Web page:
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Increased EEG power and slowed dominant frequency in patients with neurogenic pain


Sarnthein, J; Stern, J; Aufenberg, C; Rousson, V; Jeanmonod, D (2006). Increased EEG power and slowed dominant frequency in patients with neurogenic pain. Brain: A Journal of Neurology, 129(Pt 1):55-64.

Abstract

To study the mechanisms of chronic neurogenic pain, we compared the power spectra of the resting EEG of patients (n = 15, 38-75 years, median 64 years, 6 women) and healthy controls (n = 15, 41-71 years, median 60 years, 8 women). On an average, the patient group exhibited higher spectral power over the frequency range of 2-25 Hz, and the dominant peak was shifted towards lower frequencies. Maximal differences appeared in the 7-9 Hz band in all electrodes. Frontal electrodes contributed most to this difference in the 13-15 Hz band. Bicoherence analysis suggests an enhanced coupling between theta (4-9 Hz) and beta (12-25 Hz) frequencies in patients. The subgroup of six patients free from centrally acting medication showed higher spectral power in the 2-18 Hz frequency range. On an individual basis, the combination of peak height and peak frequency discriminated between patient and control groups: discriminant analysis classified 87% of all subjects correctly. After a therapeutic lesion in the thalamus (central lateral thalamotomy, CLT) we carried out follow-up for a subgroup of seven patients. Median pain relief was 70 and 95% after 3 and 12 months, respectively. The average EEG power of all seven patients gradually decreased in the theta band and approached normal values only after 12 months. The excess theta EEG power in patients and its decrease after thalamic surgery suggests that both EEG and neurogenic pain are determined by tightly coupled thalamocortical loops. The small therapeutic CLT lesion is thought to initiate a progressive normalization in the affected thalamocortical system, which is reflected in both decrease of EEG power and pain relief.

To study the mechanisms of chronic neurogenic pain, we compared the power spectra of the resting EEG of patients (n = 15, 38-75 years, median 64 years, 6 women) and healthy controls (n = 15, 41-71 years, median 60 years, 8 women). On an average, the patient group exhibited higher spectral power over the frequency range of 2-25 Hz, and the dominant peak was shifted towards lower frequencies. Maximal differences appeared in the 7-9 Hz band in all electrodes. Frontal electrodes contributed most to this difference in the 13-15 Hz band. Bicoherence analysis suggests an enhanced coupling between theta (4-9 Hz) and beta (12-25 Hz) frequencies in patients. The subgroup of six patients free from centrally acting medication showed higher spectral power in the 2-18 Hz frequency range. On an individual basis, the combination of peak height and peak frequency discriminated between patient and control groups: discriminant analysis classified 87% of all subjects correctly. After a therapeutic lesion in the thalamus (central lateral thalamotomy, CLT) we carried out follow-up for a subgroup of seven patients. Median pain relief was 70 and 95% after 3 and 12 months, respectively. The average EEG power of all seven patients gradually decreased in the theta band and approached normal values only after 12 months. The excess theta EEG power in patients and its decrease after thalamic surgery suggests that both EEG and neurogenic pain are determined by tightly coupled thalamocortical loops. The small therapeutic CLT lesion is thought to initiate a progressive normalization in the affected thalamocortical system, which is reflected in both decrease of EEG power and pain relief.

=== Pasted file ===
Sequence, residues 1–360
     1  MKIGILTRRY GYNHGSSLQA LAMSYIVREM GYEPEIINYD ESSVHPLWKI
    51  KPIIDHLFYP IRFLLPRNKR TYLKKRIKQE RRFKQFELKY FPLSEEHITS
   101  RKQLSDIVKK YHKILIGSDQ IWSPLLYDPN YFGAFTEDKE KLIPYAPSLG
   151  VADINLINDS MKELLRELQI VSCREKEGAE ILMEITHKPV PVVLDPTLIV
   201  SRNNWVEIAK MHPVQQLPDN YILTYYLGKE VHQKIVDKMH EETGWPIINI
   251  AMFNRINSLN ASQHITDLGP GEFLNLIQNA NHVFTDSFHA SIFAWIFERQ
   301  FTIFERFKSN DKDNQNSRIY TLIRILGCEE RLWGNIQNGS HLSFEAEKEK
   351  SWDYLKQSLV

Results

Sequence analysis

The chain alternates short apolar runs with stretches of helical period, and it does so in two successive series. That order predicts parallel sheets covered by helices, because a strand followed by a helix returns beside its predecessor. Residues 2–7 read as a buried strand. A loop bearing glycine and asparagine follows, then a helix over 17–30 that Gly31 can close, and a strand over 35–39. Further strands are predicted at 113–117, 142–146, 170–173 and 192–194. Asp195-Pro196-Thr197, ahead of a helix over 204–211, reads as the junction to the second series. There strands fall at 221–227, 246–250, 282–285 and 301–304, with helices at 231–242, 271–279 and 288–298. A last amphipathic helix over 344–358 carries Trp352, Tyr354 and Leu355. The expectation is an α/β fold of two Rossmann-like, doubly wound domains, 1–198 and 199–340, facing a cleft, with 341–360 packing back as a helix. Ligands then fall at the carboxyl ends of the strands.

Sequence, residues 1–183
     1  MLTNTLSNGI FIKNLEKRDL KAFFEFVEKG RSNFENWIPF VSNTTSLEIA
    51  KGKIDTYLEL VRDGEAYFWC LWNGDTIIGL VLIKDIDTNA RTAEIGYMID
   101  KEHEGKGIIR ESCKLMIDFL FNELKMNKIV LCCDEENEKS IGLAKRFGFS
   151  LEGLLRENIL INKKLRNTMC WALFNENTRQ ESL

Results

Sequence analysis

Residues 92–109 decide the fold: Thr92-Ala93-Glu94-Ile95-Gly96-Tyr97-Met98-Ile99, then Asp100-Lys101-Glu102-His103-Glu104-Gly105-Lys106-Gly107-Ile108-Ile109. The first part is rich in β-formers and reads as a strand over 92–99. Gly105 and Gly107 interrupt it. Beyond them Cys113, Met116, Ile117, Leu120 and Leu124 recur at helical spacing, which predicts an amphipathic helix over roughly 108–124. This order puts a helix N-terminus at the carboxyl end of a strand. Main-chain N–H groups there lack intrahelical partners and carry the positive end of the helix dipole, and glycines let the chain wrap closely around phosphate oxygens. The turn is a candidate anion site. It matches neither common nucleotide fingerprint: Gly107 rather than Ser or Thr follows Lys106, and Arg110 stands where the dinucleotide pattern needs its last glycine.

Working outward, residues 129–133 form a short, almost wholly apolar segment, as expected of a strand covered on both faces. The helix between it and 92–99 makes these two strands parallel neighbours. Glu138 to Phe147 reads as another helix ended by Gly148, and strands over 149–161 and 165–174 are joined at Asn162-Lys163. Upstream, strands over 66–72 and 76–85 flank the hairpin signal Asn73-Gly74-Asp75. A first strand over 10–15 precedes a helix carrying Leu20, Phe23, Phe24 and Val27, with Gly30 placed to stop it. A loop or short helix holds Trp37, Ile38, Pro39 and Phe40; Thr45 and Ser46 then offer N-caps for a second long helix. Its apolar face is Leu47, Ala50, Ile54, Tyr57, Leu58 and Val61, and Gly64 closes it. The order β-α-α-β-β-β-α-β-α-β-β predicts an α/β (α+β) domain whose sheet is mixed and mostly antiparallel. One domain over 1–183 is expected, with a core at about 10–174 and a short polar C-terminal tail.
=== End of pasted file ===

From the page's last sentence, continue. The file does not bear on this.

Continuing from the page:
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Additional indexing

Item Type:Journal Article, refereed, original work
Communities & Collections:04 Faculty of Medicine > Center for Integrative Human Physiology
04 Faculty of Medicine > University Hospital Zurich > Clinic for Neurosurgery
Dewey Decimal Classification:570 Life sciences; biology
610 Medicine & health
Language:English
Date:January 2006
Deposited On:23 Mar 2009 17:48
Last Modified:05 Apr 2016 12:38
Publisher:Oxford University Press
ISSN:0006-8950
Publisher DOI:10.1093/brain/awh631
PubMed ID:16183660
Permanent URL: http://doi.org/10.5167/uzh-6694

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